BOB BOARDMAN AGAINST ROTORUA DAILY POST
Case Number: 2596
Council Meeting: JULY 2017
Decision: Not Upheld
Publication: Daily Post
Balance, Lack Of
1. Bob Boardman alleges a lack of balance, and bias, in reporting by the Rotorua Daily Post in a number of articles and editorials dealing with the issue of Easter trading, between 2 November 2016 and 18 April 2017. He alleges the Press Council principles of accuracy, fairness and balance have been breached.
2. Between the dates mentioned above, the Rotorua Daily Post published four articles and five editorials dealing with the issue of trading over Easter and in particular on Easter Sunday. It was obviously a matter of some moment for the local mayor and council, no doubt because Rotorua is such an important tourist destination.
3. Central to the complaint is Mr Boardman’s belief that Easter Sunday is an important festival for Christians, and that this should be recognised by shops remaining closed. He said it is a highly significant issue in Rotorua, as in the 2013 census half of the population of 65,000 people called themselves Christian. He pointed to the fact that one councillor mentioned in the article of 2 December 2016 stated that there was not enough mention in the proposed consultation document about the reason Easter Sunday was observed by the almost 42 per cent of Rotorua residents who were Christians and believed the day was the anniversary of the resurrection of Jesus Christ
4. He also maintained that the newspaper made no effort to determine the veracity of information supplied by the council and business interests.
5. The regional editor maintained they had not breached the principle of accuracy, fairness and balance. He pointed out that two articles specifically mentioned the religious aspect, including one quoting Mr Boardman.
6. He also stated that in two others, balance was not required because no-one was criticising or passing judgment on the religious importance of Easter. Rather, the articles did not present statements of controversy that required a reply. He further went on that this was a longstanding issue in Rotorua and he did not feel that every article focused on retail shopping needed comment from church leaders on the religious significance of Easter.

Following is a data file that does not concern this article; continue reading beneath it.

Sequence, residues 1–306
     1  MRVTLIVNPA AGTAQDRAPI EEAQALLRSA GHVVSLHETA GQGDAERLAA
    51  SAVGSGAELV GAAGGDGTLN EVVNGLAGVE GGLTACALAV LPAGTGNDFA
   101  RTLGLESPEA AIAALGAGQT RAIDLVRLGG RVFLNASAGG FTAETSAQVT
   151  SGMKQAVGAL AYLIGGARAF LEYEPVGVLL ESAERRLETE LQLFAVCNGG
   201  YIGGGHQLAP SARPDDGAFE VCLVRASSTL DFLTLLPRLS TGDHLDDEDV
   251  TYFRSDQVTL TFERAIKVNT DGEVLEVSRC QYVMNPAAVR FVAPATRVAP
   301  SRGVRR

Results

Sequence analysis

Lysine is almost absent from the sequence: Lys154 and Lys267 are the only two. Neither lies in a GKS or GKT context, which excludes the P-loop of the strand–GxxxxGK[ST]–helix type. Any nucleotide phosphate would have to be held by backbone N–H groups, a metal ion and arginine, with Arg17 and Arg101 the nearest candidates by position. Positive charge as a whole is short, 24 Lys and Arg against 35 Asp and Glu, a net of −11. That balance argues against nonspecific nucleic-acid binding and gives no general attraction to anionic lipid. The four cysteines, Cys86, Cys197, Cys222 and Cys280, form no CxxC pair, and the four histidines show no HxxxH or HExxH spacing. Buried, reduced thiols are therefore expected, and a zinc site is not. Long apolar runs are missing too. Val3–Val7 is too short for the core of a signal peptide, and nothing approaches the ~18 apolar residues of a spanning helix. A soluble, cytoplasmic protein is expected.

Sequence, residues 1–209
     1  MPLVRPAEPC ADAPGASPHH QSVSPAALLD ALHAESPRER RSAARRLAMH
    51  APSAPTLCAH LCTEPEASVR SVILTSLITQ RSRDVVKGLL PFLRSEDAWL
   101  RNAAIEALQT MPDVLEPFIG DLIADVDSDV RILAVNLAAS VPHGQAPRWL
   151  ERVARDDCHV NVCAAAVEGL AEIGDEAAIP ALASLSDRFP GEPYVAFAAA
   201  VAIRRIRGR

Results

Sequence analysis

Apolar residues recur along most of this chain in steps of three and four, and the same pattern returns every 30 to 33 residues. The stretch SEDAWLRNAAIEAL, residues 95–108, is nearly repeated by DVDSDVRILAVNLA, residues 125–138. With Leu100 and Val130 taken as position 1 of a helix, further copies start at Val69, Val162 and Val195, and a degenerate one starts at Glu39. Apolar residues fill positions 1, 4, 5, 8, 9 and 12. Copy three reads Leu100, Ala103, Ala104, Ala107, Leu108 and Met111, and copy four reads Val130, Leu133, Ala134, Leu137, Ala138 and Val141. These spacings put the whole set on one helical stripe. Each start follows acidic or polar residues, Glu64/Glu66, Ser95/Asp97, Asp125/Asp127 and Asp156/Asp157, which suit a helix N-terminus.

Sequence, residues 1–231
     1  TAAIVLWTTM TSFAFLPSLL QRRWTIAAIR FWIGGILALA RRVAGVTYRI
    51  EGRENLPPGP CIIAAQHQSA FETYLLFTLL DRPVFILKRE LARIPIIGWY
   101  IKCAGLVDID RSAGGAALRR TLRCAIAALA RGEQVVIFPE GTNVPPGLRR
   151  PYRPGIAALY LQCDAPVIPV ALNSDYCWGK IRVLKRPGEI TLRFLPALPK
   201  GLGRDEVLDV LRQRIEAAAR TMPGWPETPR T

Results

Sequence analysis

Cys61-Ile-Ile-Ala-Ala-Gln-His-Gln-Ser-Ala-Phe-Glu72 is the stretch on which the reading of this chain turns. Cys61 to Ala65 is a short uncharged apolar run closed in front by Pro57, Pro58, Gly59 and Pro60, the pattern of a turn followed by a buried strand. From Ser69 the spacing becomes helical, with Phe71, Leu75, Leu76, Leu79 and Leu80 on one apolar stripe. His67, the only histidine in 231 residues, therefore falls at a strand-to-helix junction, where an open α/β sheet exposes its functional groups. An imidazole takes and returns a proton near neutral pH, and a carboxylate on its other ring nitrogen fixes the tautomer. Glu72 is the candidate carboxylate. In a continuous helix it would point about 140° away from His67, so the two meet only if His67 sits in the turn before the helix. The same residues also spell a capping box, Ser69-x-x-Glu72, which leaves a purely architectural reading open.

7. He further rejected the assertion that the Rotorua Daily Post colluded with local politicians and business interests, or was biased. He said this is not true, and editorial content decisions are completely independent of any commercial influence.
 Whether or not trading should occur on Easter Sunday has been a matter of considerable controversy in New Zealand for many years. It comes into particular focus in those cities where tourism is an important element of local life and economy. The arguments on both sides have been rehearsed for many years. As the Press Council has noted previously, where controversy or arguments have existed for long periods of time and both sides of the divide are well-known to the reading public, it is not necessary to bring balance to every article published.
 The first editorial of 2 November 2016 notes that church leaders and workers’ unions were not opposing calls to allow Easter trading. It mentions the mayor and many councillors support it, as does the local Chamber of Commerce. One minister was quoted supporting the move as long as workers’ rights were protected. The editorial then goes on to note that the council was going to consultation that month on the issue, and that a Colmar Brunton survey found that 79 per cent support for Easter trading.
 The first article, of 2 December, is a report on the Council agreement to consult the public about the proposal. One Councillor, Ms Tapsell is noted as saying there was not enough mention in the consultation document about the reason Easter Sunday was observed, by the 42 per cent of Rotorua residents who were Christians, as the anniversary of the resurrection of Jesus Christ. As noted, the mayor clearly supported the situation, as did the former Rotorua Chamber of Commerce and the vast majority of Councillors. Two ministers of religion were quoted, essentially not opposing as long as workers’ rights were protected.
 The next article of 4 September 2016 has a photograph of submitters relating to Easter Sunday, including the complainant. Mr Boardman is quoted at some length on his views that the day should be protected from shopping because of its Christian significance.